It was no surprise that Time magazine selected Donald Trump as 2016 person of the year.
The magazine’s annual pick recognizes someone who has most influenced events, for better or for worse, and like it or not, Trump’s influence was extraordinary.
With the exception of a select few, we won’t see ourselves gracing the cover of Time. We won’t be garnering person of the year honours. We do, however, leave a legacy. We touch the lives of others. We exert influence on someone, somewhere at sometime.
“All the world’s a stage,” wrote Shakespeare. “And all the men and women merely players/ They have their exits and entrances/ And one man in his time plays many parts.” While Shakespeare was reflecting on the stages of life from infancy to old age, the manner in which we play our parts over time will determine our legacy.
For better or for worse
Time editor Nancy Gibbs has said that occasionally Time chooses someone who is “unassailably worthy. Normally that is not the case.” Since the inception of person of the year in 1927, the selections are a mixed bag of the illustrious and the infamous. The recipients represent the broad spectrum of human traits from the laudable to the deplorable. For better or for worse, all have left their mark on human society, as you can see from my arbitrary list.
Some more recent recipients include: Amazon.com founder Jeff Bezos (1999), Bill and Melinda Gates and Bono (2005), Putin (2007), and Facebook founder Mark Zuckerberg (2010). Looking back further in history the following caught my attention: Charles Lindbergh (1927), Walter Chrysler (1928), Mahatma Gandhi (1930), Wallis Simpson (1936), Adolf Hitler (1938), Josef Stalin (1939, 1942), Queen Elizabeth (1952) and Richard Nixon (1971). (Every sitting United States president has been named person of the year.) Three Roman Catholic popes got the nod: Pope John XXIII (1962), Pope John Paul II (1994), and Pope Francis (2013).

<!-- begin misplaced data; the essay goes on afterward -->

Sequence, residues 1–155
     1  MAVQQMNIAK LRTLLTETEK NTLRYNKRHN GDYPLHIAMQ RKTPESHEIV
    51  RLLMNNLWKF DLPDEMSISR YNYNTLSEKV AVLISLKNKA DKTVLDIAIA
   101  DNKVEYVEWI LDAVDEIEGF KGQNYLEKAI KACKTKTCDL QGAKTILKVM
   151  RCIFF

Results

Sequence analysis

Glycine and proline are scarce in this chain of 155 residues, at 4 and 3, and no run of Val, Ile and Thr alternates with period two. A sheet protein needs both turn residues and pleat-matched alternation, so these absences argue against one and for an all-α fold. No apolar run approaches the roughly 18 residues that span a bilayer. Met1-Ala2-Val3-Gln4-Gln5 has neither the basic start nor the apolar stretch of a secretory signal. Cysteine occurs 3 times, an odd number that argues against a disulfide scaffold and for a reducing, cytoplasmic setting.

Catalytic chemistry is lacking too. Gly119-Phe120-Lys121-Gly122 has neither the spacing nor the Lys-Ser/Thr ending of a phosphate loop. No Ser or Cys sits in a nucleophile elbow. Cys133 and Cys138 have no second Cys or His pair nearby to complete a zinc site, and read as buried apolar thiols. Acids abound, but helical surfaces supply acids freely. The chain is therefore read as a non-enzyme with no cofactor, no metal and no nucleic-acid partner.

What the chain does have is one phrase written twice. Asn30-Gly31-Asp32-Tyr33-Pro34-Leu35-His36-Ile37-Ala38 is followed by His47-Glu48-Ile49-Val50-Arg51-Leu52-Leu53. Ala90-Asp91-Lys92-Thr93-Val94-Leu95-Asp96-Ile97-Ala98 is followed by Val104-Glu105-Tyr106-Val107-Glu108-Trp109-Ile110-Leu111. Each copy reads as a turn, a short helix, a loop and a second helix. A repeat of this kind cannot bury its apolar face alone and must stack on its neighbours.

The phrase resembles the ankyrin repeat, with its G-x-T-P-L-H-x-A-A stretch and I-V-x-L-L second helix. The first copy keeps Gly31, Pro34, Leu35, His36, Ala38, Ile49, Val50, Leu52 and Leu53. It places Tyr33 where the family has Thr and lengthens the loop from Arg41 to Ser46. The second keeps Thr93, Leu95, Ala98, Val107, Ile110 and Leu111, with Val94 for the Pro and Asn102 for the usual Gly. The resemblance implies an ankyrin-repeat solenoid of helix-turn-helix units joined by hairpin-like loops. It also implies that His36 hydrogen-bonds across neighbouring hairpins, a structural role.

The reader can decide if any of my arbitrary examples deserve to be called unassailably worthy. Even Popes John XXIII and John Paul II, whom Pope Francis elevated to sainthood in 2014, were flawed individuals, and had their detractors.
We might reasonably conclude that saints led impeccable lives during their time on earth. We would be mistaken for saints, as Francis said, were “not born perfect”. They just tried harder than the rest of us to live holy lives, to be unassailably worthy in the sight of God.
You leave a legacy
In 2006, “You” were the person of the year. That year the cover featured a blank computer screen made of reflective material. Readers could look at their reflection in the screen and envision themselves as person of the year.
The 2006 choice linked the shaping of human destiny to the actions of ordinary people engaging with the World Wide Web. You and me, the choice proclaimed, were changing the world through online collaboration and community building.
Social media has exploded since 2006. It has a profound influence on attitudes and behaviour. It can magnify the best and the worst of our shared human traits, and influence our actions in a heartbeat. Social media provides us with a platform for influencing others, for better or for worse, within our immediate circle and beyond. We can blog, tweet, post, comment, criticize, laud, organize and spew “alternative facts” (aka lies) to our hearts’ content in an environment that frequently lacks accountability.
The 2006 choice for person of the year was both controversial and gimmicky. It was a clever marketing ploy that reverberated in people’s imaginations for years. As recently as a few years ago, people were still listing themselves as 2006 person of the year on their twitter bios.
Yet, there is a distinctly serious and personal aspect to “You” person of the year. All of us are called to unassailable worthiness. We are called to be saints, to live our life as blessing to others and for the world.
I am reminded of the Carole King song, “Legacy”, which challenges us to be a driving force for the good. The song asks of us, “Don’t you want to leave a better world than you find?”
We may not get the nod from Time magazine. But, each of us leaves a legacy. Regardless the size of the stage – international or intimate – we play a part in the unfolding of human society – for better or for worse.
“It’s your legacy. Baby whatcha gonna do about it?” How will we answer King's question?